Other Names for this Disease
- Brachycephaly, deafness, cataract and mental retardation
- Brachycephaly - deafness - cataract - intellectual disability
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Almost all people reported to have Fine–Lubinsky syndrome (FLS) have been the only affected people in their families (these cases were sporadic). There has been one report of an affected brother and sister with unaffected parents, suggesting autosomal recessive inheritance. Additional reports are needed to identify a possible genetic cause for the condition. Parents of a child with FLS should be aware that if the condition is inherited in an autosomal recessive manner, each of their children has a 25% (1 in 4) risk to be affected. Although karyotypes (pictures of chromosomes) have been reported as normal in affected people, the presence of a very small chromosomal rearrangement has not been excluded as a possible cause of FLS.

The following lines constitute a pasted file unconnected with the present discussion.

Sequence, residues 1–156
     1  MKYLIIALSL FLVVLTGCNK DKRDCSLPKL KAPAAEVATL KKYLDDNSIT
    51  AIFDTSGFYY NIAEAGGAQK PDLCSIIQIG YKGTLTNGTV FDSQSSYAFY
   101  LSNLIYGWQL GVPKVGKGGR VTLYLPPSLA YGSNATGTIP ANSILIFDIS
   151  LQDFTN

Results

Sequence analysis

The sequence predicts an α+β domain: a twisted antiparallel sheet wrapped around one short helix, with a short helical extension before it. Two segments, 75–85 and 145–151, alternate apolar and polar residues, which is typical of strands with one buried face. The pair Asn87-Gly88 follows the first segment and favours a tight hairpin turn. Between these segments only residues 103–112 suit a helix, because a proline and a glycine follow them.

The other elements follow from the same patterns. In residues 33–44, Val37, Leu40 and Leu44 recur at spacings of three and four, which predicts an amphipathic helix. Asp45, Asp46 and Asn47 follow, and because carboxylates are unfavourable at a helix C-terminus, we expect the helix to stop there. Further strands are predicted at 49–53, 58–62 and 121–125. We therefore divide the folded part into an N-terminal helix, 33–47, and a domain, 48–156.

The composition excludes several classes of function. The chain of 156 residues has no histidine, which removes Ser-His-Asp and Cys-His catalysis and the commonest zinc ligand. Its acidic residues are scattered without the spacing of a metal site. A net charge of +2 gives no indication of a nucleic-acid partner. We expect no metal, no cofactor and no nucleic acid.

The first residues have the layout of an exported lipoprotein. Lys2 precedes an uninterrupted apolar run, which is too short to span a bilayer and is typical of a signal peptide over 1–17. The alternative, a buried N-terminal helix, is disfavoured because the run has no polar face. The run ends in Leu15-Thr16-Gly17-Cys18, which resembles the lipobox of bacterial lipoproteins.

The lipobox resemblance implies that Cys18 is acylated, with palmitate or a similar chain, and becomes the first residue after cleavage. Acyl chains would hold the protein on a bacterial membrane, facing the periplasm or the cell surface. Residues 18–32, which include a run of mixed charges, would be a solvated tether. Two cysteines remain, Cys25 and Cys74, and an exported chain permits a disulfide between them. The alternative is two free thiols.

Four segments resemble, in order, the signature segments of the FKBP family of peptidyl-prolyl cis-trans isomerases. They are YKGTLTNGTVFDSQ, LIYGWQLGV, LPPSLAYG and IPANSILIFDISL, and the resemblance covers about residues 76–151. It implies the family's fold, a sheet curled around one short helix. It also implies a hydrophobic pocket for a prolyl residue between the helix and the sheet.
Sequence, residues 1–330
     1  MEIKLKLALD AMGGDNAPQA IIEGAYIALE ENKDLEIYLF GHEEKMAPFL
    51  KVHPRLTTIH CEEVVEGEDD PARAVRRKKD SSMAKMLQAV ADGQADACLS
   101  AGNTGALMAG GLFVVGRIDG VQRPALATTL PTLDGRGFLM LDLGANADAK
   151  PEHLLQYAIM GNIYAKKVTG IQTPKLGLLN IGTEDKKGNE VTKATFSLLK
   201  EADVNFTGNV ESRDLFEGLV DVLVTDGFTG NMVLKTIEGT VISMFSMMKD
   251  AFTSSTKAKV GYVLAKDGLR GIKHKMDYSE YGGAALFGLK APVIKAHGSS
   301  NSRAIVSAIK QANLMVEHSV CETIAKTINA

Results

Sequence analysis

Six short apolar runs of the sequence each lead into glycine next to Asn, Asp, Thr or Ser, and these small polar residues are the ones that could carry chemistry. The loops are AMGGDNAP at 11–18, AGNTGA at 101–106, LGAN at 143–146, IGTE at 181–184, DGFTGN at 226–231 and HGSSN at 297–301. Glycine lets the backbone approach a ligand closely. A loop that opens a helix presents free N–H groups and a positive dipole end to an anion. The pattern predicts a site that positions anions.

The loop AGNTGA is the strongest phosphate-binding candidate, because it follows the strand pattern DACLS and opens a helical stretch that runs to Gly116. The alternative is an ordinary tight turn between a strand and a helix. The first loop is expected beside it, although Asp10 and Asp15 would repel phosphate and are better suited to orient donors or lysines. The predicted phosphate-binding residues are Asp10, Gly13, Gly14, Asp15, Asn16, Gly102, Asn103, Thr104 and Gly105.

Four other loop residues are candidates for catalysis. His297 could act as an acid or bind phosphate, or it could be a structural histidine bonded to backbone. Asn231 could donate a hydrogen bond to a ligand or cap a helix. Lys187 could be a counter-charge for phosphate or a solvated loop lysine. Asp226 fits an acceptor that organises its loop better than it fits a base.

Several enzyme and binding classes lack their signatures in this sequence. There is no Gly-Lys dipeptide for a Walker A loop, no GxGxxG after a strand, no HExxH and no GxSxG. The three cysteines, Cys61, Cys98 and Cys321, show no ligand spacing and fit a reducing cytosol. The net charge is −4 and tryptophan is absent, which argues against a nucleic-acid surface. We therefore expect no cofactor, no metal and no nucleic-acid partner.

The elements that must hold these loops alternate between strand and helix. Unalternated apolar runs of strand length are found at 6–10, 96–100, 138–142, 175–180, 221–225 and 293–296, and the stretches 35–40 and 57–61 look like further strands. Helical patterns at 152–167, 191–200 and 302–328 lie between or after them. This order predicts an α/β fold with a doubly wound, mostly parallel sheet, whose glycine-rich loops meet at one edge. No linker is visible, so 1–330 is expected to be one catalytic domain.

Last updated: 6/23/2015
- Ashley M. Holder, Brett H. Graham, Brendan Lee and Daryl A. Scott. Fine–Lubinsky Syndrome: Sibling Pair Suggests Possible Autosomal Recessive Inheritance. American Journal of Medical Genetics Part A. 2007; 143A:2576-2580.
- Corona-Rivera JR et. al. Further clinical delineation of Fine-Lubinsky syndrome. Am J Med Genet A. May, 2009; 149A(5):1070-1075.